Bennie Logan facts:
2. He went to LSU and wore the number 18 as a senior, a number traditionally given to one of the Tigers’ inspirational leaders each year.
Those are the only two facts you need to know because he’s already at 100% wonderful and adding anything else would create a mathematical inconsistency and rip a hole in the space-time continuum. You want to do that? Yeah, me neither. Ignorance isn’t bliss; it’s self-preservation in this instance.
Anyway, here’s the first play. Again, the Colts are in “tackle over.” I think Bennie said “fuck this bullshit” and decided to do something about it. I mean, “tackle over” is Chip Kelly’s thing. HE MADE IT HOT IN THE NFL, PEP HAMILTON. BENNIE GON SHOW YOU ABOUT STEALING CHIP’S FLOW RIGHT ABOUT NOW.
Logan drives his shoulder into the center at the snap. He’s got control of the center and is already disengaging from the block. The red line is the original line of scrimmage, the yellow box is where Bennie is saying goodbye to the A.Q. Shipley, the Colts’ center. I think that’s pretty good push for a lineman.
Bennie slides a gap over to the backside, but ends up getting combo blocked before he’s completely sealed off by the guard. He never recovers and is being locked up even as the ball carrier gets tackled.
Seriously, you can fall there, Cedric. Nobody’s gonna think any less of you if you do.
Oh wait, nope, he’s back up and throwing the lineman off balance now. Hey, however you need to get your anger our, Cedric, is fine by me. And there’s Logan continuing to move down the line and tacklng the ball carrier.
The Eagles are banking quite a bit on Fletcher Cox developing into a prime defensive asset. He has all the talent in the world, and the Eagles traded up to get him in 2012. If Cox can push his game to the next level, the Eagles could have a true three-down impact player along the line. I will say, since coming into the 3-4, Cox has looked like a damn good two-gapper. He uses his power to control blockers and his athleticism to get to the ball carrier.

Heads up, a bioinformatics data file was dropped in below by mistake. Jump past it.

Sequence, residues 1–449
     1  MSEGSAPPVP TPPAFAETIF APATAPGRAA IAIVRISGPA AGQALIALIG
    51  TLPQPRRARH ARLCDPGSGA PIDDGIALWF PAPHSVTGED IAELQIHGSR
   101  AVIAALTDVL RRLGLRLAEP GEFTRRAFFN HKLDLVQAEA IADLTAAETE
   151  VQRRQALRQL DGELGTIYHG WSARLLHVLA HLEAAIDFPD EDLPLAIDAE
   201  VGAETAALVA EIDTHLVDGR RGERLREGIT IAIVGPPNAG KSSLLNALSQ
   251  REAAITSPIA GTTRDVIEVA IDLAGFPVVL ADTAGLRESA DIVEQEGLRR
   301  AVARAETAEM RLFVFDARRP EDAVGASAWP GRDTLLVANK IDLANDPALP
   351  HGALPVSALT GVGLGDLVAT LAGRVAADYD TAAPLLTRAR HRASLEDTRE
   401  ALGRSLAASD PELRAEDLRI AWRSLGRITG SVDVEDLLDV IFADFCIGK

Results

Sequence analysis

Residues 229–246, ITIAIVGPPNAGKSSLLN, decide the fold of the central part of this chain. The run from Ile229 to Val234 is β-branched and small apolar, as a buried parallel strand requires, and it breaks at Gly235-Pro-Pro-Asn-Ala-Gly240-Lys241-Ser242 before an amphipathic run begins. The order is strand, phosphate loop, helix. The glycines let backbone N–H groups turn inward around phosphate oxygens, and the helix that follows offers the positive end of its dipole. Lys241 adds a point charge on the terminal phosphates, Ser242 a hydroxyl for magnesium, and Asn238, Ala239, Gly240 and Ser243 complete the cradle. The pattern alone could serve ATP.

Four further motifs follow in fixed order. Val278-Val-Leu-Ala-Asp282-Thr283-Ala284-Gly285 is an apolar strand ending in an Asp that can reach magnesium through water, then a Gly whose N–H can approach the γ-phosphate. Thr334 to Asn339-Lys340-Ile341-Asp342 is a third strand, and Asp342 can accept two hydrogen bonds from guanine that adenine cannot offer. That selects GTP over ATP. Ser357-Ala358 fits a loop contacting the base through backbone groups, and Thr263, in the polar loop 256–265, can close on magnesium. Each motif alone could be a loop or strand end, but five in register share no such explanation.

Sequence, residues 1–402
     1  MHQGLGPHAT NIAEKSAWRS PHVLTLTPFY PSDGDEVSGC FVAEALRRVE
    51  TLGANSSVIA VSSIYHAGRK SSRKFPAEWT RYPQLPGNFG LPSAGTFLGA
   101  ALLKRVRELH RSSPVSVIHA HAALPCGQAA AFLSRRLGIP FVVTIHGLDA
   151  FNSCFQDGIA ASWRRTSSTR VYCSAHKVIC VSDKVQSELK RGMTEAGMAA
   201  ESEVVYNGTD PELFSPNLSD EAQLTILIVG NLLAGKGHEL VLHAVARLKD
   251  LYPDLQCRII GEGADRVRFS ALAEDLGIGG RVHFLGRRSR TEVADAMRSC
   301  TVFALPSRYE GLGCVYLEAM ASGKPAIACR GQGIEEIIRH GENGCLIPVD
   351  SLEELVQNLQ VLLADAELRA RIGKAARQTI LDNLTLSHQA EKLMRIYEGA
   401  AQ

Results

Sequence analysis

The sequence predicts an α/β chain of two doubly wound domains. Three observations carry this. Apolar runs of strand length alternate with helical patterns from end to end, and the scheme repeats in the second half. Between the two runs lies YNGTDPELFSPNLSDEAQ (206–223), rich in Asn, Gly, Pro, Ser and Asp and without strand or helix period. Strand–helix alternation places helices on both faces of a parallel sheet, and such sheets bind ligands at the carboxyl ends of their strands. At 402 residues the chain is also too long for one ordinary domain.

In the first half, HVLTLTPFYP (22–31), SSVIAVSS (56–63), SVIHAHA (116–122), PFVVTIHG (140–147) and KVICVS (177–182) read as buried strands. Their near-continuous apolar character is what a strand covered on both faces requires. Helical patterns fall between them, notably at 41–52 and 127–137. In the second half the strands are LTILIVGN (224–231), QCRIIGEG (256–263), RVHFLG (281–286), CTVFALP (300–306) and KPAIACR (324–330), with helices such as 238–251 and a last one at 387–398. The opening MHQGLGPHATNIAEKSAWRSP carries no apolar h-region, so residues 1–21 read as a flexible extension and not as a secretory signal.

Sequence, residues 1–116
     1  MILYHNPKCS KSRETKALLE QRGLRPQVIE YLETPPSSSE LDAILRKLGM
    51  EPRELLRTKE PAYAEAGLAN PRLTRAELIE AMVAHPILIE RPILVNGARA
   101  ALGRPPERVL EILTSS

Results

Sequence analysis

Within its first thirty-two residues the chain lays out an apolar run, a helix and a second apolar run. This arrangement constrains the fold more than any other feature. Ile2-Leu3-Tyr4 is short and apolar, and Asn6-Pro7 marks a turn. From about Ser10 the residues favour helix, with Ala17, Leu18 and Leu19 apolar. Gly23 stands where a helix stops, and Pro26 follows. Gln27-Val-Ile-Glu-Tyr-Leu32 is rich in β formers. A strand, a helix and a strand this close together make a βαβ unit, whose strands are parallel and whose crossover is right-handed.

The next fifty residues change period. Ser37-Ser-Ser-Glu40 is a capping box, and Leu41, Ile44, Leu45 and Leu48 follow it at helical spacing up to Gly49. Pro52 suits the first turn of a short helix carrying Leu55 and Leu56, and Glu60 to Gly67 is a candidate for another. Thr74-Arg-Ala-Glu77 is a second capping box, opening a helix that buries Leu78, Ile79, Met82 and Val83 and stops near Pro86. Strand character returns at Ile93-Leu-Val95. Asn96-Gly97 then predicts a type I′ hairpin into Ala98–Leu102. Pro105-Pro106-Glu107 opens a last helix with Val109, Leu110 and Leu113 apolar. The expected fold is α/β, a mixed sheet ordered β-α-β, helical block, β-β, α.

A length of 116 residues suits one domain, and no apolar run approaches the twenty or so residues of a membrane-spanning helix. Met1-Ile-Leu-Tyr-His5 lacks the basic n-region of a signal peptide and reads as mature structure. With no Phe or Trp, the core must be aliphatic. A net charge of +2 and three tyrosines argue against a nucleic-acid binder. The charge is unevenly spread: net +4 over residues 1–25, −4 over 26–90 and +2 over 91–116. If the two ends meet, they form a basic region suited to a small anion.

Here, take this play for example.
The play ends up being a forced fumble by Trent Cole, ultimately being recovered by the Colts for a 1-yard gain. However, that forced fumble doesn’t happen without Cox taking Anthony Castonzo for a ride and making Trent Richardson run into him. Cox is lined up on the defense’s right side, over the tackle. Let’s watch this GIF to show what he does to Castonzo.
Yeah that’s just throwing an NFL tackle out of the way and hip-checking a running back. Not too shabby.
Time for another goal line play later in the game. This time, the Colts have two tight ends on the left side, which is where Cox is lined up. They’re gonna run power that way, with the right guard pulling to lead the way.
However, Fletcher has other plans. He thinks clubbing Anthony Castonzo into the ground is a better idea. Castonzo goes flying into the dirt, and suddenly there are no blockers there for DeMeco to get through. Bing, bang, boom, one yard gain.
Luck can’t find anybody open and starts to roll out of the pocket to his left. Cox is the closest man and doesn’t have the best angle on him. Here’s the part where I remind everyone that Andrew Luck is not a slow person by any measure.
Cox meets luck at the sideline, with Luck almost outrunning him. Luck stretches to the first down marker, but turns out he was out of bounds. It’s only a gain of three and the Colts have to settle for a field goal.